After a heated debate in Brussels today, the responsible committee in the European Parliament has decided to not send ACTA to the European Court of Justice, but to press on and make a final decision right away. This means that the final battle of ACTA stands right now, and has finished before the height of midsummer.
After the recent huge Europe-wide protests, which caught the politicians by surprise, the European Commission tried to take back the initiative by saying it would send ACTA to the European Court of Justice. In doing so, the Commission would ask for the court’s opinion on whether the repressive legislation package was compatible with human rights and charters of the European Union. Since this would stall ACTA for a year if not more, the activist corps calmed down: with this move from the Commission, the final showdown would now be at least two years out.
This also appears to have been the intent of the European Commission: to drain the protests of energy, sending the message that the final decision has been postponed by some two years. The European Parliament would have its own opportunity to ask questions of the Court regarding ACTA, making sure that the Court got the right and relevant questions.
But all of a sudden, with the committee’s decision to press for a parliamentary decision rather than following the Commission, ACTA is back on the short track for the deciding vote in the European Parliament – regardless whether or not the Commission sends it to European Court of Justice for evaluation. It should also be noted that the European Commission has not made any formal decision to actually get the court’s decision – saying so may or may not have been a smokescreen.
A brief description of the several players here with similar names: the European Commission is a rough equivalent of the Executive Branch in Europe, the European Parliament a rough equivalent of the Legislative Branch, and the European Court of Justice is the highest court of the land. Except the European Parliament doesn’t get to make laws, but only to approve predrafted bills, and manyscore other oddities.
Regardless, ACTA will now be quickly processed in the various committees of the European Parliament, starting with INTA (the International Trade Committee, which owns the issue, and which decided today to not send ACTA to court), and progressing through two or three more committees in April and May, for a final vote in all of Parliament some time in June – possibly, but not definitely, in the June 11-14 timeframe. We have ten weeks in total.
If ACTA dies in European Parliament, then it’s a permakill, and the monopoly lobbies will have to start fighting uphill. If ACTA passes, the same monopolists get tons of new powers to use, and close the door for the foreseeable future behind the legislators for a very necessary reform of the copyright and patent monopolies.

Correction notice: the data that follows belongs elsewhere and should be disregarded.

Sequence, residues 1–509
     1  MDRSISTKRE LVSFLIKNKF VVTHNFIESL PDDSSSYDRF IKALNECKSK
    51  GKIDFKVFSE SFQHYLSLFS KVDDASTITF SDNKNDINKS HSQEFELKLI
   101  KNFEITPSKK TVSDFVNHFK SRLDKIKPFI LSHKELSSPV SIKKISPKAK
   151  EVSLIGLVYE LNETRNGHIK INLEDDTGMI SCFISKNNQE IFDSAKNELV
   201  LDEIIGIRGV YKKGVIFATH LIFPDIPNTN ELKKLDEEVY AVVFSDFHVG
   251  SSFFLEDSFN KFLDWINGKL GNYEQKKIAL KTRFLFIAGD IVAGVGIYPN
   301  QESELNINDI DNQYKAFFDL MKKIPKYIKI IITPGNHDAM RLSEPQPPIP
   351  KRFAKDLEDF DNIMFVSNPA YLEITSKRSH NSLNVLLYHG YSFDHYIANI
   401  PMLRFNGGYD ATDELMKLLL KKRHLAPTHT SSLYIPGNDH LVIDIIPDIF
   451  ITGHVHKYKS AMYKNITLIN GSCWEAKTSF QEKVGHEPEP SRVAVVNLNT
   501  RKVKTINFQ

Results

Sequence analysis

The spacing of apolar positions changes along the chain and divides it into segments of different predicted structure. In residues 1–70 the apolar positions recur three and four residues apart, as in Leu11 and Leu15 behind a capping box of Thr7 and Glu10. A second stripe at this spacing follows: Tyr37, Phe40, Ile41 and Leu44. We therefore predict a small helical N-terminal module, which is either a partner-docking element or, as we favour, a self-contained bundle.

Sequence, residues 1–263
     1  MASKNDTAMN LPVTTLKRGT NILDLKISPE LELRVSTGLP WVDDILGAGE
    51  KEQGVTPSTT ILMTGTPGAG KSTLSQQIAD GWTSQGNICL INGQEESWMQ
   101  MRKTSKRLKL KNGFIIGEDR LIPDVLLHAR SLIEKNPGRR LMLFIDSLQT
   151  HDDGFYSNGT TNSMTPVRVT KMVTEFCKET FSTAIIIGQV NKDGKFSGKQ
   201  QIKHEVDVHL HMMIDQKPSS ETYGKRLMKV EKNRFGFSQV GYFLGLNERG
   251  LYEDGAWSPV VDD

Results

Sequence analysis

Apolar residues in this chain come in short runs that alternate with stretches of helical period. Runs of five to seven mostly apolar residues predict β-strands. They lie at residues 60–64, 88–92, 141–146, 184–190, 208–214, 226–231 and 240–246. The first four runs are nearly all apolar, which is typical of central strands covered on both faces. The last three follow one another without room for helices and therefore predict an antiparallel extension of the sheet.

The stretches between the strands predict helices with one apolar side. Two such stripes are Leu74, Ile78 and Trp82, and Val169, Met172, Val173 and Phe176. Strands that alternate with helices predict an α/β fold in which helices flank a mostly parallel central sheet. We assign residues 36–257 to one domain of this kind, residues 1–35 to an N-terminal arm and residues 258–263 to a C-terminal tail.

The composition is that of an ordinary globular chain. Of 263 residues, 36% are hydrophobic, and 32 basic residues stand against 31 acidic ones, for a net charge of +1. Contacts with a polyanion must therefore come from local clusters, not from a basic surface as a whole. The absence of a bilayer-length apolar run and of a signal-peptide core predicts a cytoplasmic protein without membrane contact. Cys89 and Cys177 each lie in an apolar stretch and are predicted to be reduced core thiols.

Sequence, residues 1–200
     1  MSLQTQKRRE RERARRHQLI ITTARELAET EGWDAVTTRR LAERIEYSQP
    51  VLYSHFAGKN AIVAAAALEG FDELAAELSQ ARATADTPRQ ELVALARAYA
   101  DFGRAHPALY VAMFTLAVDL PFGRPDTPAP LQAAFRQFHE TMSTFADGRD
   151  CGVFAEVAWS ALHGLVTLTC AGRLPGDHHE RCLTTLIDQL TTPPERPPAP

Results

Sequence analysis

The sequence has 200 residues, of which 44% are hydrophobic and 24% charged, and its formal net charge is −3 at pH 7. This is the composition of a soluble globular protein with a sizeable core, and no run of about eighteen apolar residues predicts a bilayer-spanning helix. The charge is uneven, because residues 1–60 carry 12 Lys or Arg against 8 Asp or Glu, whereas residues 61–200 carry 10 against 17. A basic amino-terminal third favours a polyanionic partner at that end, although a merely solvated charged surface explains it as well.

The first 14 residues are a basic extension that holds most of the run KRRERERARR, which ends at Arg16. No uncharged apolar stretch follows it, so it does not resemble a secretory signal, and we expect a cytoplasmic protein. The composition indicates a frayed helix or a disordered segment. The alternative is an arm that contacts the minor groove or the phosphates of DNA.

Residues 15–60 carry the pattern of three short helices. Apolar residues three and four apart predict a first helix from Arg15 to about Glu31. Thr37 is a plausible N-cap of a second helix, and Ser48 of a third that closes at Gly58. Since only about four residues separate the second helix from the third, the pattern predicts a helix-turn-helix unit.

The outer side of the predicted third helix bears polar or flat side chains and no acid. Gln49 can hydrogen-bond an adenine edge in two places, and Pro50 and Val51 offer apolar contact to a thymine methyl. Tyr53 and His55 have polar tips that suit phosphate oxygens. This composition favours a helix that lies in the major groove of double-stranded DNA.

Regardless, with the Parliament pressing forward, it is quite possible that the European Commission admits that its cards have been called and that it doesn’t send ACTA to the European Court of Justice at all; that playing this card was all just a tactical move to drain the activists of energy. If the Commission still sends ACTA to the Court, it will create an odd situation if Parliament says yes and the Court later says no – creating a situation where Parliament would have approved an illegal bill. Therefore, it is now completely safe to vote no to ACTA.
This is the fight we have to win. This is where we must ramp up the pressure on the European Parliament, which is where the battle for next-generation liberties will be going down in the next ten weeks in a series of small but important skirmishes leading up to the end-of-game boss: the vote on the floor of Parliament.
This is it. This is the showdown. This is the fight we have to win. The European Parliament’s vote is going to be the pivotal moment, not just for ACTA, but for the general trends in decades to come.
The ACTA showdown is now in progress, and if us activists don’t show up for the showdown, the show’s going down. We had a beautiful show-up in February, sending tremors to Brussels. Now, we need to repeat that message loud enough to be heard – in all the ways we can think of – for the next two and a half months.
Sources (in Swedish): Hax, blogger from inside the European Parliament, and Amelia Andersdotter, Member of European Parliament on the INTA committee. (Disclosure: we are all affiliated with the same political party.)